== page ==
Home Care for Lumps and Bumps

If your furry friend has a new lump or bump, or an old one which is changing, the first thing you should do is get it checked out by your vet. If it is nothing to worry about, and your vet advises to monitor it, there are several things you can do at home to care for your pet.

Start by taking a picture with a ruler for reference. Sometimes it’s difficult to notice subtle changes in a lump, but if you have a picture to refer back to, you are more likely to pick them up. Every month compare the lump to your last picture and then take a new one. If the lump has changed, your vet should be told.

If your pet has a lump which catches and bleeds occasionally, it’s worth having to hand some antiseptic wash and a dressing. Chlorhexidine solution can be diluted by adding a splash into a cup of cooled, boiled water. Then you can gently clean the lump daily with a cotton wool ball if there is an open wound. After cleaning, pat dry and place a clean, breathable, adhesive dressing over it, such as a Primapore. After a few days, it should be dry and scabbed over, and you no longer need to keep it clean and covered. If your furry friend wants to lick or scratch at it, you might need to put a buster collar on him.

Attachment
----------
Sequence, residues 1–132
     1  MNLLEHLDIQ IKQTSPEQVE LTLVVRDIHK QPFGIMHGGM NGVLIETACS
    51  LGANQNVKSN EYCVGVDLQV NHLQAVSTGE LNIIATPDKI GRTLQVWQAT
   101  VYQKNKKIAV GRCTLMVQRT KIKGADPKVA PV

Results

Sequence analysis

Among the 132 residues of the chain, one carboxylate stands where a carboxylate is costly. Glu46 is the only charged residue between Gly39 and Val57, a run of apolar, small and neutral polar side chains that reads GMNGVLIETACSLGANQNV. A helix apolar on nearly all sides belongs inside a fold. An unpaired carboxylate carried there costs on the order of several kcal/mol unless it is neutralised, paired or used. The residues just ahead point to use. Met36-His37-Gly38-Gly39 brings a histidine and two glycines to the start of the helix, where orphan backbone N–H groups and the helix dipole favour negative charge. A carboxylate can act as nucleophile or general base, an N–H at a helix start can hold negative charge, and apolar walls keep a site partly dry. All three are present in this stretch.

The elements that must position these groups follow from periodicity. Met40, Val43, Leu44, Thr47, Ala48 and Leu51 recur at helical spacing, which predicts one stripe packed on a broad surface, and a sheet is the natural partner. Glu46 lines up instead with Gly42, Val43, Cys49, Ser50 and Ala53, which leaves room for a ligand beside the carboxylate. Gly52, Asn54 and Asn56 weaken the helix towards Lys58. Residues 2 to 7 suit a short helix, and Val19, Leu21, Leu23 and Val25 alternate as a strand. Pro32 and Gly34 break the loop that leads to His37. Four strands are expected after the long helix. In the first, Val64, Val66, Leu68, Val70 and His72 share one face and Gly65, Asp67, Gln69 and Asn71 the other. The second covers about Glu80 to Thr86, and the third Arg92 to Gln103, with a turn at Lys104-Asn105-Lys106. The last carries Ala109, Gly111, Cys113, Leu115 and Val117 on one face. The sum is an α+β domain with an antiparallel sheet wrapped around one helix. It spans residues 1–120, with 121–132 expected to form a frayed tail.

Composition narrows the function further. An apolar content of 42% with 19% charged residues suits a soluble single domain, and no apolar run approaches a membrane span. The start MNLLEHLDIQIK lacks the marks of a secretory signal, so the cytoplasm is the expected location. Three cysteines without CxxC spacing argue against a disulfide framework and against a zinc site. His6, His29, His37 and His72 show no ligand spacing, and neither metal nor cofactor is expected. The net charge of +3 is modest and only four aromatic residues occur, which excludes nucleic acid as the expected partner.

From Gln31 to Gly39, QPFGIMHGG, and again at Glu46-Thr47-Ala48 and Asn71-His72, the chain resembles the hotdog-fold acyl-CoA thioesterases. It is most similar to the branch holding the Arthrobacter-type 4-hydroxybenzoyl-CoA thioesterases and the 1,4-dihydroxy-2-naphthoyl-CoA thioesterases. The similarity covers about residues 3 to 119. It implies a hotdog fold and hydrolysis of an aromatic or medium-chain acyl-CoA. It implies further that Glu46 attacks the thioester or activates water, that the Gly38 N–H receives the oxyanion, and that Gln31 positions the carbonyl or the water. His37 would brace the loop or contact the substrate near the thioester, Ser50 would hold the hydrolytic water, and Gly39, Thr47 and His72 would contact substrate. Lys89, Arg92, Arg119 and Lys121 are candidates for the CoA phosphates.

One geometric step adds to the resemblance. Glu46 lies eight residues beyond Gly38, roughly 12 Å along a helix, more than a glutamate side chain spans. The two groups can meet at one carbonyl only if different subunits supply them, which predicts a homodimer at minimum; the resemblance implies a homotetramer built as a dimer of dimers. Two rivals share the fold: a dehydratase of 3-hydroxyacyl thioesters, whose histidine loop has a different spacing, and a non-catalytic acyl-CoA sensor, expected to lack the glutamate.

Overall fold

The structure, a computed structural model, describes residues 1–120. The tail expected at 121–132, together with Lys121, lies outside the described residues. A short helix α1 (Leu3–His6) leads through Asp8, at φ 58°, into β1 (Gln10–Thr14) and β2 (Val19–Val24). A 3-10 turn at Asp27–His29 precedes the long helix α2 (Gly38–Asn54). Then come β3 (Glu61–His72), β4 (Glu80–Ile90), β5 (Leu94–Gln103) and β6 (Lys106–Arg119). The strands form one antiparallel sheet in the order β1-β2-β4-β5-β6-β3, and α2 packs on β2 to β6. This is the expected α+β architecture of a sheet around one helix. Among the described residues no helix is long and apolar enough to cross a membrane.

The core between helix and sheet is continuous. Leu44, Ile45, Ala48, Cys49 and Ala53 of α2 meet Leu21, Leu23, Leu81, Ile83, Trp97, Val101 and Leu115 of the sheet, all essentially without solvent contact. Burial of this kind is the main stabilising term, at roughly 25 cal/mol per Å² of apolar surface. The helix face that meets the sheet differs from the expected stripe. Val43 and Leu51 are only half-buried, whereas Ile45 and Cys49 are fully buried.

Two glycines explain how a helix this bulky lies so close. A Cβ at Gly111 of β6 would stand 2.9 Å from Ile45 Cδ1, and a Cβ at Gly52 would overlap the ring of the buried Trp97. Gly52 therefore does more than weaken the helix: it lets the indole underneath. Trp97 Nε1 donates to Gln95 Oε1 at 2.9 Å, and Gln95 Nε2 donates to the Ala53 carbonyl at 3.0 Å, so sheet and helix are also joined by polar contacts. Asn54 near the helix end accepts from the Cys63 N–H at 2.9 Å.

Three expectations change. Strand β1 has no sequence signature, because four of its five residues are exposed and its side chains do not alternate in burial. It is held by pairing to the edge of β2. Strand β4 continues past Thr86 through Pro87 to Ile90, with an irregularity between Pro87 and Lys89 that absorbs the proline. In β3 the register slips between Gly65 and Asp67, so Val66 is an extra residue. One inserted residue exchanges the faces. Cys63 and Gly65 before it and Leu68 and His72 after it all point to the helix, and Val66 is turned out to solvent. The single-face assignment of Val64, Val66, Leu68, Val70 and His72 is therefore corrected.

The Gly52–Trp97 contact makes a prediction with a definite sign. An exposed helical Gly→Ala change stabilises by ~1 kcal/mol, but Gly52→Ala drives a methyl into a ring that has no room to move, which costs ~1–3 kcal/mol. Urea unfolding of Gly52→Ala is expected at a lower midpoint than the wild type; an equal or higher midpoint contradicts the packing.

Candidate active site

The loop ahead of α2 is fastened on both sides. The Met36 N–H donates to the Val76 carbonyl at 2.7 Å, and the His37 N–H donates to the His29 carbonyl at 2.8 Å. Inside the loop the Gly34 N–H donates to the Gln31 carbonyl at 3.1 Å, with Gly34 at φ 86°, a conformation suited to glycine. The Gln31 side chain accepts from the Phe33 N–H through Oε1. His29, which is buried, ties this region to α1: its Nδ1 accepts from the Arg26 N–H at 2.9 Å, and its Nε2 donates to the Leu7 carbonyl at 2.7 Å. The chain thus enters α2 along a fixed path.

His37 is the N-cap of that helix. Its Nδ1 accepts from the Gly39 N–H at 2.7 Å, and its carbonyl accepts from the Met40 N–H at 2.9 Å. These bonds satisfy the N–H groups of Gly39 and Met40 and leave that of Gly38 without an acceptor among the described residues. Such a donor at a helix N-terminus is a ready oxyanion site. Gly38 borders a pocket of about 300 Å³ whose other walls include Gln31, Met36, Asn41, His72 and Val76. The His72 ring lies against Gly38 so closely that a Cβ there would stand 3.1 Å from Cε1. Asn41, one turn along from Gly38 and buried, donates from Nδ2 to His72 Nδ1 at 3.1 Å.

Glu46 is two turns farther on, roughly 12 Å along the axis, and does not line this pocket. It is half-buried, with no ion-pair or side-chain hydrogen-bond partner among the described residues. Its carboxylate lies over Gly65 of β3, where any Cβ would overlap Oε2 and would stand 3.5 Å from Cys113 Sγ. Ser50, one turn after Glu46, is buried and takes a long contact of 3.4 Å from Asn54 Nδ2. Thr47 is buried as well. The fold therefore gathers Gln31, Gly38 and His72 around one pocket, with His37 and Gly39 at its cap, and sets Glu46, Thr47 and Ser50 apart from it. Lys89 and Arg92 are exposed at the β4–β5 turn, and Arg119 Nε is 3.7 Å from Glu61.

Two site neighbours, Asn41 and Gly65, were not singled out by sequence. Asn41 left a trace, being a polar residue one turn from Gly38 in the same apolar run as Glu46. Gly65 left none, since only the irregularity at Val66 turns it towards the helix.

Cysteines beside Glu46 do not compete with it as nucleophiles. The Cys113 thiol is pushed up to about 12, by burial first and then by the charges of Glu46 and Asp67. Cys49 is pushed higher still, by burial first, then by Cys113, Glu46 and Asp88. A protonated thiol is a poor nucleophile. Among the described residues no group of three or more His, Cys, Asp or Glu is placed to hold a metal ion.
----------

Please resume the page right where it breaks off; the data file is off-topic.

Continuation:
Finally, if your vet has given you medication for your pet’s lump, such as antibiotics, or chemotherapy medication, make sure you give your pet accurate doses. This means if you need to give the tablets twice daily, try to make them 12 hours apart. You might like to make a chart which you tick off doses to ensure you don’t forget and miss a dose.

Take Home Message

There are many causes of lumps and bumps in dogs and cats. Some are benign, some are malignant, and some are not tumours at all. Therefore, always inform your vet if you notice a new lump on your pet, as an early diagnosis will ensure your furry friend gets the best treatment.